The stand out feature of Animal Crossing: New Leaf is the ability to take screenshots of your game and upload instantly to the web. Animal Crossing has always been a social life sim, but it’s even more impressive now watching thousands of others progress daily together on the hashtag #ANCL.

It’s a fascinating window into others little moments of progress, and a great (largely spoiler-free way) to discover new things about the game. It’s also the perfect compliment to the cooperative nature of series, sitting alongside the ability to explore and visit other peoples towns.

I find myself watching the #ANCL hashtag when I am unable to play the game, to watch what others are doing. I suspect other people’s excitement for this title is fuelling a massive feedback loop of successive play, as we all mix together and share in our excitement of slow, but oh so satisfying progress.

It’s making the wait for each days play far more rewarding in turn, as we each start to see the subtle differences in each of our routines. I’m personally enjoying easier access to villages in other regions of the world. Watching another person’s town grow and evolve in fascination in the dusk of their game as I sit in the bright morning of mine. I enjoy hearing about what other people find enjoyable about the title. Aspects I don’t spend much time on. Someone else’s fascination with collecting Gyroids, another’s love of gardening. The happy timesink of designing more and more elaborate patterns to share.

Being able to see these moments of others fascination in picture form has created a new lease of life in this occasionally tired game. As I watch others stumble into detail of the game that I hadn’t yet discovered.

This sort of sharing encourages more online play – spotting an image of someone in a pear orchard, might inspire a pair to swap friend codes, as one person is eager for new fruit and another for more visitors. Personally, I’m just enjoying the window on endless Animal Crossing inspiration.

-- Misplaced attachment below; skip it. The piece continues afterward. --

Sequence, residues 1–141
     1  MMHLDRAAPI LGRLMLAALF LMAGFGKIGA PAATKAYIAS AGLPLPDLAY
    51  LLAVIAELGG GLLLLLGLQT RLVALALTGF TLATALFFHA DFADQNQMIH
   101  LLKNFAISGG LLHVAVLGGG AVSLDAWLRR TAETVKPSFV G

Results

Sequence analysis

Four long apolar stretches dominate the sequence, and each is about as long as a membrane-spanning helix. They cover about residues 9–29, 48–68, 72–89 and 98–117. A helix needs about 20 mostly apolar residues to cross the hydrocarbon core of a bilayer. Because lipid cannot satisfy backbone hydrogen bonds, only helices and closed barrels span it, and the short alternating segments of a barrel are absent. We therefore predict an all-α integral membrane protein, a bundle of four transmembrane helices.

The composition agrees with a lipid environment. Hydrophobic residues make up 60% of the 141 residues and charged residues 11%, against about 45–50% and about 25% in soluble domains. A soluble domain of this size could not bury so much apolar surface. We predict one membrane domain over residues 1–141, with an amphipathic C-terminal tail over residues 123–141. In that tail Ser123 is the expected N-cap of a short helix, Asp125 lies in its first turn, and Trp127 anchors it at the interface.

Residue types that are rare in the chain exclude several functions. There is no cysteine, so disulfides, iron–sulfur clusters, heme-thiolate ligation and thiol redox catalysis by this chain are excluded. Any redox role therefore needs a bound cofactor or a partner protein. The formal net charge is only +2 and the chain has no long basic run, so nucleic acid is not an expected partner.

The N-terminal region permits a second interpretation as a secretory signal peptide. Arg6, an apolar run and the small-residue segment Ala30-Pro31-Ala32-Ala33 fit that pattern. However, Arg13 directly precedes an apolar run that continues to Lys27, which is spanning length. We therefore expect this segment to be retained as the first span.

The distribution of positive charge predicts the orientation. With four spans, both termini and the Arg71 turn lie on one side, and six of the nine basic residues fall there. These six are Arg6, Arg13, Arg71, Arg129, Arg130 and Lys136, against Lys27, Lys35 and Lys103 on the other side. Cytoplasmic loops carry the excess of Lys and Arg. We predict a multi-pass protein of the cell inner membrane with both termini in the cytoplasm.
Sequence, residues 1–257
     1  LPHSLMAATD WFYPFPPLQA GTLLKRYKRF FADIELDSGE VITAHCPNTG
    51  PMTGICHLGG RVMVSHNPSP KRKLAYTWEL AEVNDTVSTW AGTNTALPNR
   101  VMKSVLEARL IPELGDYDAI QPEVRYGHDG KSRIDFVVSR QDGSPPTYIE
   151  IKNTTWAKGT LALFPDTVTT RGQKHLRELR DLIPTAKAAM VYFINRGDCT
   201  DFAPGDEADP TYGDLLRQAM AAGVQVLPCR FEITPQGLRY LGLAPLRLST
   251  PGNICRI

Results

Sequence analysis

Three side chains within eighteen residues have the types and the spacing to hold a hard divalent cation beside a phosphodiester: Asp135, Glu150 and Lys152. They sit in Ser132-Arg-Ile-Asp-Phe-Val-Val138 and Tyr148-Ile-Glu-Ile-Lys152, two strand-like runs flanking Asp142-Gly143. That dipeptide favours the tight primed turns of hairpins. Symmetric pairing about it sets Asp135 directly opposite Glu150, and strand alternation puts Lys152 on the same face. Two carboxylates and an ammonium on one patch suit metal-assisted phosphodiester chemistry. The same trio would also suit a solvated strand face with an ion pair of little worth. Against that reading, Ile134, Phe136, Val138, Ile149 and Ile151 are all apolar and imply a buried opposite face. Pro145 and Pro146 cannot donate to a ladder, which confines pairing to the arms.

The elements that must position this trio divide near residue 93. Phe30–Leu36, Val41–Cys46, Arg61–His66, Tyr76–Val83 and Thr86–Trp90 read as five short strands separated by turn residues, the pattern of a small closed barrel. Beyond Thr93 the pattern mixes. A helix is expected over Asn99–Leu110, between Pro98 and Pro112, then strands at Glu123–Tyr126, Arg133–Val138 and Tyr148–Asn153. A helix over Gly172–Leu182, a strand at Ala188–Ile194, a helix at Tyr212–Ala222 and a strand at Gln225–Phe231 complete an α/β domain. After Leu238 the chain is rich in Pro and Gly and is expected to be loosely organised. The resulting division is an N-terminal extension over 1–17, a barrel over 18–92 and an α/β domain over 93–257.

Twiggy celebrates my birthday.Becoming the mayor of Nevaeh

Why don’t we see this more?

With a generation of new console hardware around the corner – why is it still so rare to take pictures of your experiences on home consoles? Features like this are crying out to be used more effectively. Achievements and trophies are nice, but isn’t the ability to take a picture of a particularly epic moment in a game just as appealing?

There’s a palpable excitement about being able to do this too, precisely because the ability for everyone to universally share pictures of their experience with a game (particularly on a handheld) is so rare it’s created a genuine buzz around a title some admitted was probably going to retread too much of the previous entries to be worth getting excited about.

I don’t even think technology can be used as an excuse why it can’t be done anymore. Neither can intellectual property concerns. Fans of Animal Crossing are doing a great job of marketing New Leaf to all of their friends more powerfully and naturally than any marketing department could ever dream of.

Video games

The conundrum of Shadow of the Eternals